Amazon overhauls Cloud Player to rival Apple's iTunes Match
Amazon is revamping its Cloud Player streaming music service to mimic Apple's (NASDAQ:AAPL) iTunes Match, introducing similar scan-and-match features but offering ten times the storage space for the same price.
Amazon Cloud Player, originally launched in March 2011, enables consumers to securely store music in the cloud for anytime/anywhere access across a host of connected devices including Apple's iPhone and iPad, Android smartphones and tablets and the digital retailer's own Kindle Fire tablet. All Amazon MP3 purchases--including albums and tracks acquired at an earlier date--are automatically saved to Cloud Player. Thanks to new agreements with Sony Music Entertainment, EMI Music, Universal Music Group, Warner Music Group and more than 150 independent distributors, aggregators and music publishers, Amazon now scans customers' iTunes and Windows Media Player libraries as well, matching music on their computers to its catalog of 20 million songs.
Amazon Cloud Player also upgrades all matched songs, including music purchased from iTunes or ripped from CDs, to the 256 kbps digital audio format. Music previously uploaded to Cloud Player also will be upgraded.
All Amazon Cloud Player users can import up to 250 songs from their PC or Mac for free; all Amazon MP3 purchases are also saved for free and do not count against the customer's storage quota. The expanded Cloud Player Premium option offers storage for as many as 250,000 songs for an annual cost of $24.99--by comparison, iTunes match tops out at 25,000 songs for the same annual price.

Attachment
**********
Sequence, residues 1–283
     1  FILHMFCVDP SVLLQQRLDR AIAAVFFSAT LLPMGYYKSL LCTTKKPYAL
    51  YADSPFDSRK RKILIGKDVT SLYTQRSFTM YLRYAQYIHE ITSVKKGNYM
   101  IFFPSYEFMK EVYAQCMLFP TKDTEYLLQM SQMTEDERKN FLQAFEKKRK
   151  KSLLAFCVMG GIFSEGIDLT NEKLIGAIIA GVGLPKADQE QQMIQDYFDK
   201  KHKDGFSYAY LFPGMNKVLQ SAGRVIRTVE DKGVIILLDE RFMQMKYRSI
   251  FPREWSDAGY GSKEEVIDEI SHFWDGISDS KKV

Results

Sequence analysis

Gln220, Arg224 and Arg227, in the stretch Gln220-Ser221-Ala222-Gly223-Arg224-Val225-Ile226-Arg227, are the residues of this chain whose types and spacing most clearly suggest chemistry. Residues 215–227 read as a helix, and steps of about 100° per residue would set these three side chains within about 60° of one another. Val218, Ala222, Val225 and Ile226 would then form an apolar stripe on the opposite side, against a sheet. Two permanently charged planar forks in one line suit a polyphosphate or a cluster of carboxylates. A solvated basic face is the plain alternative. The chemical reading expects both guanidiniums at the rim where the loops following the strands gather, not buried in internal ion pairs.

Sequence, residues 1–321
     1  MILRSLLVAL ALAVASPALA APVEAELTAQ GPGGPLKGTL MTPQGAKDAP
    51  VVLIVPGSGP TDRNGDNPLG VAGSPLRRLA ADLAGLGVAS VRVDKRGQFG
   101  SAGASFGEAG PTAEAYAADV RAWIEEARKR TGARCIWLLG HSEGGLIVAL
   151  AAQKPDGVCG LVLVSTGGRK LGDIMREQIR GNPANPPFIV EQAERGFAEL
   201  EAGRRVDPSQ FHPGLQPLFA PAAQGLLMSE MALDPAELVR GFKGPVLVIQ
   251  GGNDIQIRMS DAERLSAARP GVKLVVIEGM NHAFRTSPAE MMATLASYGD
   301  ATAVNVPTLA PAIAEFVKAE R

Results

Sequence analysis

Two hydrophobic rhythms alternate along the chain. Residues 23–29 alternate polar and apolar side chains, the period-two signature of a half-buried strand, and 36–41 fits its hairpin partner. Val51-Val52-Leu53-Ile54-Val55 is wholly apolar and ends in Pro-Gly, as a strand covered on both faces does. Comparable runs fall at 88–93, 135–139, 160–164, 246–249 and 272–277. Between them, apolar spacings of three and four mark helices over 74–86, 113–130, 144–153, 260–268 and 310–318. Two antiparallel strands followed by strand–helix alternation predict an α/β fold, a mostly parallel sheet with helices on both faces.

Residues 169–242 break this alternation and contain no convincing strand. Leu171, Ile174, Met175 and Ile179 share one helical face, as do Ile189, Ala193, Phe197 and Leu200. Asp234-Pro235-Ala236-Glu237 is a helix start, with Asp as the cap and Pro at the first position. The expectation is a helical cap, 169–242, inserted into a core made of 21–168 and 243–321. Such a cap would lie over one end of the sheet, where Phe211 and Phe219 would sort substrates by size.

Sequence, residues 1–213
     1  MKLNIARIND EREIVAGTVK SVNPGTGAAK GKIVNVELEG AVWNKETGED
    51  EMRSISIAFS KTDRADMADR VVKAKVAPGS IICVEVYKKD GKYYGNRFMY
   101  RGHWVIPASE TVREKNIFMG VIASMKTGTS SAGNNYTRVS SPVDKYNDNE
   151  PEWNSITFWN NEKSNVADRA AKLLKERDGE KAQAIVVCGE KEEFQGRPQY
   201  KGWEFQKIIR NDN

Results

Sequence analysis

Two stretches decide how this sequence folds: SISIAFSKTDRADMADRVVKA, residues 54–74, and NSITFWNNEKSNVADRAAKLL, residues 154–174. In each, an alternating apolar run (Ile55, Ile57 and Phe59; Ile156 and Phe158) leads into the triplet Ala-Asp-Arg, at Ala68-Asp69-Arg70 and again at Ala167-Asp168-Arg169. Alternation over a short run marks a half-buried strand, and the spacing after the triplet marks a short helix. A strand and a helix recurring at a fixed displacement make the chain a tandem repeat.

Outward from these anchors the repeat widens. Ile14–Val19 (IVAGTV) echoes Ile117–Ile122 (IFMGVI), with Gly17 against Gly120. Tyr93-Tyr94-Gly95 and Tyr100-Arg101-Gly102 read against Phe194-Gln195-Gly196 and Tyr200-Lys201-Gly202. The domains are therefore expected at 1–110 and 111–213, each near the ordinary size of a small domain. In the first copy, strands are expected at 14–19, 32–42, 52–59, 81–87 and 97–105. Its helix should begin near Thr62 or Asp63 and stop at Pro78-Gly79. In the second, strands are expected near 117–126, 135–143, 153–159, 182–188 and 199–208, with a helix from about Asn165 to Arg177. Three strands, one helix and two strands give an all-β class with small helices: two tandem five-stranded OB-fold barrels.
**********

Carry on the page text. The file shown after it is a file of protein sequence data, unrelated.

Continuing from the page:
The new Amazon Cloud Player features will be automatically delivered to Kindle Fire owners in the coming days. Consumers may also visit www.amazon.com/cloudplayer or download the native applications for iOS or Android.
Apple's iTunes Match went live in late 2011 in conjunction with the release of version 10.5.1 of the iTunes multimedia player software. Like Amazon Cloud Player,
iTunes Match scans music library files and matches each selection with 256 kbps versions culled from the iTunes Store catalog and stored via the iCloud platform. iCloud, introduced last year as a replacement for Apple's MobileMe service, automatically syncs content on Apple servers for access across iOS devices as well as Macs and PCs--each day, the service backs up all of the user's iOS devices over Wi-Fi, storing content including purchased music, movies, apps and books as well as photos, videos, device settings and app data.
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